It will be appreciated, however, that the workpiece 16 could be stationary during machining and the tool 15 rotated around the workpiece 16 on a rotating head.
An angular sensor 17 produces a signal proportional to the angular position of the workpiece 16 during revolution and an axial sensor 19 produces a signal proportional to the axial position of the tool holder along the axis of rotation of the workpiece 16. These signals are provided as feedback to the control system 12.
The frequency generator 10 produces a signal whose frequency may be from 5 kHz to 100 kHz but is preferably of ultrasonic frequency eg. 15 kHz to 30 kHz. The maximum power of the signal may correspond to an ultrasonic power of about 5 kW. One of the primary effects of the application of vibrations of this frequency to the tool holder is to increase the cutting rate of the tool. The cutting rate (which is proportional to the amplitude of the ultrasonic vibrations and hence to the depth of cut, with other variables remaining constant) is proportional to the power of the signal applied to the ultrasonic transducer. Since this signal is of constant frequency, this means, in effect, that the depth of cut is proportional to the amplitude of the signal.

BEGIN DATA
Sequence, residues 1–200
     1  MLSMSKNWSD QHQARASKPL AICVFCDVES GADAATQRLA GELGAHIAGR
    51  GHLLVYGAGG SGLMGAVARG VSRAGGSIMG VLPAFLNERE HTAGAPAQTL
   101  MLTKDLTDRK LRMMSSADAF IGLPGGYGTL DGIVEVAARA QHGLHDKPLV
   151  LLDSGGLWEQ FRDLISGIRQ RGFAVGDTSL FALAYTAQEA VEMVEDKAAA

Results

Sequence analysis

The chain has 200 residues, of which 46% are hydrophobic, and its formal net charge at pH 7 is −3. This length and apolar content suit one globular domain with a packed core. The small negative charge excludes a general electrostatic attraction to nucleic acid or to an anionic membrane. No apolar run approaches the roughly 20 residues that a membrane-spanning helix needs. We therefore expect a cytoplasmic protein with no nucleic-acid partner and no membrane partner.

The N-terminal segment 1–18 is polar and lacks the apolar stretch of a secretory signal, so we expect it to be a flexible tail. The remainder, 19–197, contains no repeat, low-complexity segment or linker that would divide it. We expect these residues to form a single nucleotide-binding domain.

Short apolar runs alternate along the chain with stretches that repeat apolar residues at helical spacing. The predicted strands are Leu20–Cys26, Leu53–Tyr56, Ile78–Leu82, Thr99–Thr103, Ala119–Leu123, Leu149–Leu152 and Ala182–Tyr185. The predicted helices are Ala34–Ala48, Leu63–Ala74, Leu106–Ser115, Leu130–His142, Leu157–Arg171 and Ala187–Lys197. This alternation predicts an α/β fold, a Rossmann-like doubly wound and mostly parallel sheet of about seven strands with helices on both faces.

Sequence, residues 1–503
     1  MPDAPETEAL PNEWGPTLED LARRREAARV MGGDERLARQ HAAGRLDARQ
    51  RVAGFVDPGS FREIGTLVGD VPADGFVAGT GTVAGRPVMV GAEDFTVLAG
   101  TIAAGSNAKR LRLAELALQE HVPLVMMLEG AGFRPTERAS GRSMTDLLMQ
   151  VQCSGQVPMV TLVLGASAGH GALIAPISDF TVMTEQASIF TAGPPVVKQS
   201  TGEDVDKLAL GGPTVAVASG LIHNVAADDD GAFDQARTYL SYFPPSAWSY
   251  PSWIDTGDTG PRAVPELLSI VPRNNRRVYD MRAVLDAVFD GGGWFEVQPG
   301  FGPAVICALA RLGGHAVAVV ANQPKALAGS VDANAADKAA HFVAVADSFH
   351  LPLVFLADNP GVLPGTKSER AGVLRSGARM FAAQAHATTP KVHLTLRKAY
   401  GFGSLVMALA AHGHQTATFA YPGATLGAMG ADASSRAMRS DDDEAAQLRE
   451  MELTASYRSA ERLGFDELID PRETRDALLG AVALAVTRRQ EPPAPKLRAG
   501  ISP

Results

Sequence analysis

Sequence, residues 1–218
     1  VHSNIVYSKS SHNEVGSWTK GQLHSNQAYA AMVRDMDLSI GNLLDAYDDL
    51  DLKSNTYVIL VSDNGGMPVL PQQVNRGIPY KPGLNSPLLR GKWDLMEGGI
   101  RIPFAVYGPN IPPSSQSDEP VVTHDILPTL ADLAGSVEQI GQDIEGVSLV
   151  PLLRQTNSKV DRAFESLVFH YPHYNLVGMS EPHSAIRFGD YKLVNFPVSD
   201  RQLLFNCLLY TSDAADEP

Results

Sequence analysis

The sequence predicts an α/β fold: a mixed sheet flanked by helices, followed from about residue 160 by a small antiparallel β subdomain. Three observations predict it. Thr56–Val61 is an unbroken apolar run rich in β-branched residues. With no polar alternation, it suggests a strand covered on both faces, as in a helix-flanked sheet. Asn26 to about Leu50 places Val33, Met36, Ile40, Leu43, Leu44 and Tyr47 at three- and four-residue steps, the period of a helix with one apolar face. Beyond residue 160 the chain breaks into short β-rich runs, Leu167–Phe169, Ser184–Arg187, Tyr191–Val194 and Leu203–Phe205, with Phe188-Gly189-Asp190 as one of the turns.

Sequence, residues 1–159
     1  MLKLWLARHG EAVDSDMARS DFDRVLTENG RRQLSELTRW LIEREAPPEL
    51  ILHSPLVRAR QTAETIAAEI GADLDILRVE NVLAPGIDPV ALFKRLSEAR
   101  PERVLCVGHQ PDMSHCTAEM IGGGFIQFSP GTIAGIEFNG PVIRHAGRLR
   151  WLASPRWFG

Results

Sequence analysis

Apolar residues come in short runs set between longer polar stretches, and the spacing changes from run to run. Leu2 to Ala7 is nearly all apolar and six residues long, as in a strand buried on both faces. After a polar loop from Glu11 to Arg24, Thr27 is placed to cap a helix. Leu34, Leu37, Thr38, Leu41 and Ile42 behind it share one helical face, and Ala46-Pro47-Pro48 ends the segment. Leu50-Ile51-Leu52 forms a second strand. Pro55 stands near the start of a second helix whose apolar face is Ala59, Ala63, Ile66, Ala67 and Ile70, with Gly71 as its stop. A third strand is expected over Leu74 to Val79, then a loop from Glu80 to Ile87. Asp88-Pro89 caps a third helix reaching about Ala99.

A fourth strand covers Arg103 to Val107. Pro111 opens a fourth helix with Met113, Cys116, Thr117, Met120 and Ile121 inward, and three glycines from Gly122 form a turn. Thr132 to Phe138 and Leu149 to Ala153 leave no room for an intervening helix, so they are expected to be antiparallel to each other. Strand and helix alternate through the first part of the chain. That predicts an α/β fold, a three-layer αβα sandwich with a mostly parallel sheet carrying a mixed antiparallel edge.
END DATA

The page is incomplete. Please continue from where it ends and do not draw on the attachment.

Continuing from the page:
The control system 12 is fed, from an input device 23, with data relating to a required profile of the surface of the workpiece 16. The control system produces a continuous electrical output signal whose amplitude is proportional to a required radius of the workpiece at a required time (i.e. at a required angular position around the workpiece and at a required axial position along the workpiece). In the production of this signal, account is taken of the feedback signals from the sensors 17 and 18.
The profile signal from the control system 12 is used to modulate the ultrasonic frequency signal fed to the transducer 13. In this way, the instantaneous amplitude of the ultrasonic frequency signal is controlled to be proportional to the required radius of the workpiece at that moment in time so that the amplitude of movement of the tool is in accordance with this signal. Accordingly, the profile of the workpiece will be machined in accordance with the profile signal.